Rogue One: A Star Wars Story (2016) (PG-13)














This review contains SPOILERS!
"Rogue One" should be un-spoilable (which isn't a word, I realize). This is the nature of prequels. We know what's going to happen and from just the trailer we know roughly what the movie is about: the reconnaissance mission that captured the plans for the Death Star prior to Episode IV. If this comes as news to you, you either didn't read the spoiler alert, didn't watch any of the trailers, or have no idea about any of the "Star Wars" movies, in which case you probably shouldn't watch "Rogue One". This is a movie filled with Easter eggs and wonderful side moments to placate the many "Star Wars" fans.
But as much as it fits into the cannon of "Star Wars",  "Rogue One" is most decidedly not a "Star Wars" movie in the modus operandi of the original Lucas films. This is because Lucas is, against all odds, an optimist and due to the structure of a simple narrative, we can expect certain outcomes. "Rogue One" defies this, and rightly so.
Although the Lucas optimism might make a safer film, the critical and popular reception to this movie thus far has proven that the writers made the right decision. All that being said, do not go into "Rogue One" thinking that it will be a perfect movie because—even though it adds so much complexity to the original trilogy without treading on the sanctity of the beloved franchise (no easy feat)—this is a movie with a lot of faults.
The first half of the film is clunky and slow. We jump between crucial figures who get no real introduction including Cassian Andor (Diego Luna) and Bodhi Rook (Riz Ahmed), two characters whose important is soon explained by their proximity to the story's protagonist Jyn Erso (Felicity Jones). It feels like Roger Ebert's complaint of Nolan's closing "Dark Knight" film: there is too much going on in too short of a time. Sometimes the cue cards that tell us which planet we are whipping off to show of writer Tony Gilroy's "Bourne" franchise credentials. It should come as no surprise that Darth Vader makes an appearance but after all the hype, I almost wish that that scene was cut from the movie because it feels patronizing and cheap.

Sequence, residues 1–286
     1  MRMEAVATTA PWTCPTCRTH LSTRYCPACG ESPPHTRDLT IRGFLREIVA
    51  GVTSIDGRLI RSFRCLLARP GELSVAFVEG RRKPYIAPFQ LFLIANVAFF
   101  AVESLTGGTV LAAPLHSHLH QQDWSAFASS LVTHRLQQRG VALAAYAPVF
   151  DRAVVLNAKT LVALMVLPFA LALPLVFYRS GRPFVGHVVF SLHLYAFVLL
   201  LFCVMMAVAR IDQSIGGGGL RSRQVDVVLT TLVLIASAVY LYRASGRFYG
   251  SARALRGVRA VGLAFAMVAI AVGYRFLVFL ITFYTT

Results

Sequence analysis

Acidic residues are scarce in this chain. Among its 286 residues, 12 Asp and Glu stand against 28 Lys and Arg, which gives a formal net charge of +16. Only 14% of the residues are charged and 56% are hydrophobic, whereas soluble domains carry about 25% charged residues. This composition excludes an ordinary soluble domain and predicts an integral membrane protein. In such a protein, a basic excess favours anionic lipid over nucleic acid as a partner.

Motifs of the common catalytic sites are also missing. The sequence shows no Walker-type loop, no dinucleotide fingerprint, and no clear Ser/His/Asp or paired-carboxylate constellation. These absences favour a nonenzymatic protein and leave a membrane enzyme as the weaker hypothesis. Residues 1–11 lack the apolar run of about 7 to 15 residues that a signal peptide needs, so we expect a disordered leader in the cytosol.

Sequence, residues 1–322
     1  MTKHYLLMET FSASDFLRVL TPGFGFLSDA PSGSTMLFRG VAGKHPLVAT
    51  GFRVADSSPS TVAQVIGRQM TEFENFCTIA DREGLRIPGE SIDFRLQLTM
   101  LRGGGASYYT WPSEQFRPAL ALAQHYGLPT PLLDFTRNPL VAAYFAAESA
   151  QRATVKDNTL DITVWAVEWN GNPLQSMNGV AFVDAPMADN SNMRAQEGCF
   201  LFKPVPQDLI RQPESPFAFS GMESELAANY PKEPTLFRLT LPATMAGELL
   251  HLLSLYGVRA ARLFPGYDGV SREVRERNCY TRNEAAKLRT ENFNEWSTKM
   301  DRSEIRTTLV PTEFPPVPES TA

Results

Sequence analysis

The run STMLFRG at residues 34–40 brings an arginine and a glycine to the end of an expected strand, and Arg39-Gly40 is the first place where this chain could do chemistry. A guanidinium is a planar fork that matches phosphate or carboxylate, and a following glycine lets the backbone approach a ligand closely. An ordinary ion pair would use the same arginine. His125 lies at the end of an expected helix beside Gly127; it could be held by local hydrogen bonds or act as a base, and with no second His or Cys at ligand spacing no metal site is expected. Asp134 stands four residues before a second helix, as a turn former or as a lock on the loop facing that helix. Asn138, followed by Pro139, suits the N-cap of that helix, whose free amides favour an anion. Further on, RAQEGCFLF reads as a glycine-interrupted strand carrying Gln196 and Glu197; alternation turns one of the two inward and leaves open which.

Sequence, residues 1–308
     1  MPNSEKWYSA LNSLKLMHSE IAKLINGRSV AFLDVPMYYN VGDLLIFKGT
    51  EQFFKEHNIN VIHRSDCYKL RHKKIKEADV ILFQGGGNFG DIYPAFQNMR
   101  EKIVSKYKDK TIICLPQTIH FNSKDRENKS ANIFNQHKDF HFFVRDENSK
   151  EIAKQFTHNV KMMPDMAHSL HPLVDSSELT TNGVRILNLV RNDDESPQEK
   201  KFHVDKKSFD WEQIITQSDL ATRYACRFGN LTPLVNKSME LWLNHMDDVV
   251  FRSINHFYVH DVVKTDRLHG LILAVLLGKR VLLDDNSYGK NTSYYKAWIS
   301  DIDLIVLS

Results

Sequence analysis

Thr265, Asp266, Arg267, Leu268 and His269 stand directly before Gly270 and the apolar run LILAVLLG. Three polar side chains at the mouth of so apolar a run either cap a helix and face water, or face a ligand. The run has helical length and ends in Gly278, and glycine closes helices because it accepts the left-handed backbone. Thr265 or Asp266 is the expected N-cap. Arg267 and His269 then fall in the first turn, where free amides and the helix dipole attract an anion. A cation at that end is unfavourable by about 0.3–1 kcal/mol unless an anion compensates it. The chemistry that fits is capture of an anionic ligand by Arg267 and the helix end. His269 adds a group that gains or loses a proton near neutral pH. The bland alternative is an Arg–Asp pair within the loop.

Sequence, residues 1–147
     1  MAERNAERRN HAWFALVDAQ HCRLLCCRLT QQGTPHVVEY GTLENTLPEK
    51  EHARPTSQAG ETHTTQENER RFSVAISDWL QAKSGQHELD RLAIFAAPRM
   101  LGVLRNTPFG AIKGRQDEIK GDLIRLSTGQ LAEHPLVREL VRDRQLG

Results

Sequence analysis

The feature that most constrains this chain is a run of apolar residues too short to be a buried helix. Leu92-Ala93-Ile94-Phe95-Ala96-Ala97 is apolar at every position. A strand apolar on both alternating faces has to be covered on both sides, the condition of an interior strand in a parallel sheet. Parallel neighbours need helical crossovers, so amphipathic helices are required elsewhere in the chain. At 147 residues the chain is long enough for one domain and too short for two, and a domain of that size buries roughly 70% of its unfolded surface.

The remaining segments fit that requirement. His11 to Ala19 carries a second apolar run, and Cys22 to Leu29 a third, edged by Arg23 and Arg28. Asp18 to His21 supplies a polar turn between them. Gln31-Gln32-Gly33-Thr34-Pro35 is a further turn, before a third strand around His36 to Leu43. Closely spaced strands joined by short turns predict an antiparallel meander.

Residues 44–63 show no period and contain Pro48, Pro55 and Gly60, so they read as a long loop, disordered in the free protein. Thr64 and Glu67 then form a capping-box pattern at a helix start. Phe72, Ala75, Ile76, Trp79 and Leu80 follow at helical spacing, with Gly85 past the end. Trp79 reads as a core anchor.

Yet the film slows down and introduces a few crucial characters like Chirrut Îmwe and Baze Malbus (played by Donnie Yen and Wen Jiang) and the robotic sassy character K-2SO voiced pretty perfectly by Alan Tudyk. What's almost amazing about all this is that we don't feel so lost when the movie gains its footing.
"Rogue One" asks complex questions about determination, ethics, and self-sacrifice. Although it does wrap up very nicely, the impact of the movie was very clearly felt in the theater I went to see it at. The reaction was very physical.
I think the reason "Rogue One's" second half is so splendid is because it decidedly moves away from the Lucas campy film making that we somewhat expect. This is a movie almost forty years later that is re-imagining the entire franchise and somehow this works really well. Although there seems to other alternative, it's nice to see a movie with this kind of budget committing to the only outcome that feels honest to the story it is telling. It does not coddle its viewer.
This also proves that Gareth Edwards is a force behind the camera. As only his third movie, "Rogue One" will likely not be the high point of the "Monsters" and "Godzilla" director. He handles the action sequences with such spectacle that it's almost breathtaking.
"Rogue One" feels like the very first "Star Wars" movie that actually lives up to its namesake. This movie is about a war; and we realize that immediately.
All my complaints aside, "Rogue One" is a testament to everyone who worked on the film. It's artistry meeting blockbuster and I feel hopeful (pun intended) that other action movies will take cues from this and follow in its footsteps.
"Rogue One" deserves all the praise it is getting. Go see it in the theaters.







Score: ★★★½

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